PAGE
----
A few days later, Vadim Duboisky went to the city hospital, where he was diagnosed with a contusion of the right hip and bruise of the left half of the chest.

On September 4, 2020, Duboisky was detained on suspicion of committing a crime under part 2 of article 293 of the Criminal Code of the Republic of Belarus on his way out of the house and taken to the Investigative Committee. He was kept in the temporary detention facility (IVS) of the Leninski district of Brest for a week, and then was released on his pledge not to leave.

In September 2020, Vadim Duboisky fled to Moscow.

After that, the Investigative Committee of Belarus declared him wanted as a defendant in the case of participation in the riots. It is known that Brest law enforcement officers questioned his mother and asked her to identify her son on videotape. The Investigative Committee of the Republic of Belarus sent a request to the General Prosecutor’s Office of the Russian Federation for the extradition of Duboisky.

Upon his arrival to Russia, the young man planned to apply for temporary asylum, but after cases of detention of citizens of Belarus at the request of the authorities of this country, he decided to apply for asylum in Ukraine.

On April 11, 2021, Duboisky was detained by the Russian border guards while attempting to cross the Russian-Ukrainian border outside the checkpoint in the Belgorod region of the Russian Federation.

On April 16, 2021, a court arrested him and placed him in the detention center in Belgorod. Vadim Duboisky applied for refugee status and temporary asylum in Russia.

On August 4, 2021, it was reported that the Russian Prosecutor General’s Office granted the request of the Belarusian authorities and issued a decree on the extradition of the accused. The ruling states that Vadim Duboisky is accused of having “together with other persons moved at least three benches to the roadway, thus participating in the erection of barricades” during the protests in Brest. In addition, Duboisky, also together with other persons, allegedly broke the paving tiles. As a result of the actions of the protesters “one of the officers of Internal Affairs suffered light injuries and at least twenty-five officers were beaten.” The Belarusian authorities allegedly failed to identify the law enforcement officers who beat Vadim himself.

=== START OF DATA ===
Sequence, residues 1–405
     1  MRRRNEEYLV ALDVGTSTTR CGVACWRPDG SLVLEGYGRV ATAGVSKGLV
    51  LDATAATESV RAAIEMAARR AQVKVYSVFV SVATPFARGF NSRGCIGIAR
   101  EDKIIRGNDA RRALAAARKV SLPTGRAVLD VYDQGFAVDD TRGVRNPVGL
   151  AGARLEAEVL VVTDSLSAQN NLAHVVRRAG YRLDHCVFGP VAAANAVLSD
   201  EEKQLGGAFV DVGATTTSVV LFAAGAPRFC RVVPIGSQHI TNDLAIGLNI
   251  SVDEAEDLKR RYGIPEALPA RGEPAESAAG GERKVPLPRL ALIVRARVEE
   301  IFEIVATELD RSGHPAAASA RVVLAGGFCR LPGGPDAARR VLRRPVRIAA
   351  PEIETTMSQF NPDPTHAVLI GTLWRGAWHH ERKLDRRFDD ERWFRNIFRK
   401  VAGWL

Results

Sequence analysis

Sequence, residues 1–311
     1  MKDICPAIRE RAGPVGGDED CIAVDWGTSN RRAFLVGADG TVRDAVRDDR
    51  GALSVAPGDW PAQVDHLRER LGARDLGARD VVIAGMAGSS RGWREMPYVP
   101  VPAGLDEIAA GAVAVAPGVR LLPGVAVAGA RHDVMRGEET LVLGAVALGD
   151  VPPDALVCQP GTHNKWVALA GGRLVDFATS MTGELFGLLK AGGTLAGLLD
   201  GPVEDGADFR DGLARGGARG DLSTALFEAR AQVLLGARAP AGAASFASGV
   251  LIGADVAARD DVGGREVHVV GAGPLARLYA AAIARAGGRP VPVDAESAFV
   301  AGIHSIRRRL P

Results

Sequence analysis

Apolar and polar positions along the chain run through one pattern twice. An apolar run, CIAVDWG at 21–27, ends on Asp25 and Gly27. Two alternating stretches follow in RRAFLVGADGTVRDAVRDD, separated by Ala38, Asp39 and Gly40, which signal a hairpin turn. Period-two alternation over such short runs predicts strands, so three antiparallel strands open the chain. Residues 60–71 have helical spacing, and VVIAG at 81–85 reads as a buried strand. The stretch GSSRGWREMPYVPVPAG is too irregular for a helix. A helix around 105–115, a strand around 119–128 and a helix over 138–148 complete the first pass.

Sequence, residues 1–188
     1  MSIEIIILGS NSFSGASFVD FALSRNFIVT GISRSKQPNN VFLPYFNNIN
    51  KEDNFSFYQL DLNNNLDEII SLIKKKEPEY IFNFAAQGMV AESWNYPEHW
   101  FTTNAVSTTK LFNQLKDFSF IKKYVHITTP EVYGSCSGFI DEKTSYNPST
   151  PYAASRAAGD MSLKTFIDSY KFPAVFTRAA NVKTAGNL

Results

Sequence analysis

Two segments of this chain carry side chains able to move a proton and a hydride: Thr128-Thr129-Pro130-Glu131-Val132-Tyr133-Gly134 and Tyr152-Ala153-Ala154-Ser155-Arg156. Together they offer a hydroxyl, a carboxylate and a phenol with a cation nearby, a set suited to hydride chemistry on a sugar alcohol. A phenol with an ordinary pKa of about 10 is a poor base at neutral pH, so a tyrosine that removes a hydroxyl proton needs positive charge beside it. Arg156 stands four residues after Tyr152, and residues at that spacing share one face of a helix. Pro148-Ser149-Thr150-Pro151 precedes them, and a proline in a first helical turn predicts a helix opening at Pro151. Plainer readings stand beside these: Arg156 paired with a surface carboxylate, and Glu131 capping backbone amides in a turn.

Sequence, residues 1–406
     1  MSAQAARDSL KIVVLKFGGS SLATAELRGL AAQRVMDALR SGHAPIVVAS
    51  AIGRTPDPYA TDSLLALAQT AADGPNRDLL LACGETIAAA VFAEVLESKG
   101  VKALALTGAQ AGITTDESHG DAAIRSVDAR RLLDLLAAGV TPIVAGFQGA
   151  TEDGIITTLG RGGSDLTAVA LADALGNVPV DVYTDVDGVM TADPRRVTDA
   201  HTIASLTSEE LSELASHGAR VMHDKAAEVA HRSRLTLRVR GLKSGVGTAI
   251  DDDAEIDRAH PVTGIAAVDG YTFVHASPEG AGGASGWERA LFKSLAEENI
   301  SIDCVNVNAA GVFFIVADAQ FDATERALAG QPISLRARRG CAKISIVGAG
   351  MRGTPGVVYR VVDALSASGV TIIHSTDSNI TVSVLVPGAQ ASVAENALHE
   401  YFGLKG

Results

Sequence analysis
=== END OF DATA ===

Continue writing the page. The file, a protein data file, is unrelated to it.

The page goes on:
On September 9, 2021, the Belgorod Regional Court dismissed the complaint filed by the defense of Vadim Duboisky against the ruling of the Russian Prosecutor General’s Office to extradite him at the request of Belarus. In court, the prosecutor read out the ruling of the Belarusian law enforcement authorities not to institute criminal proceedings because of the beating of Duboisky after his detention in August 2020. The ruling confirms that he was indeed detained. The medical expert confirmed that the injuries were and could have been caused during the detention. But, according to law enforcement officers, the police under the law can use violence in case of illegal actions, which Vadim allegedly committed and, thus, violence was used to him reasonably.

In October 2021, the lawyer filed a complaint with the European Court of Human Rights (ECHR) against Russia’s decision to extradite Duboisky and his unjustified imprisonment. The complaint alleges that the extradition poses a threat to Vadim’s life, as well as a risk of torture, cruel and inhuman treatment. Thus, it substantiates a violation of Articles 2 (“Right to life”), 3 (“Prohibition of torture”) and 5 (“Right to liberty and security of person”) of the European Convention for the Protection of Human Rights and Fundamental Freedoms in respect of him.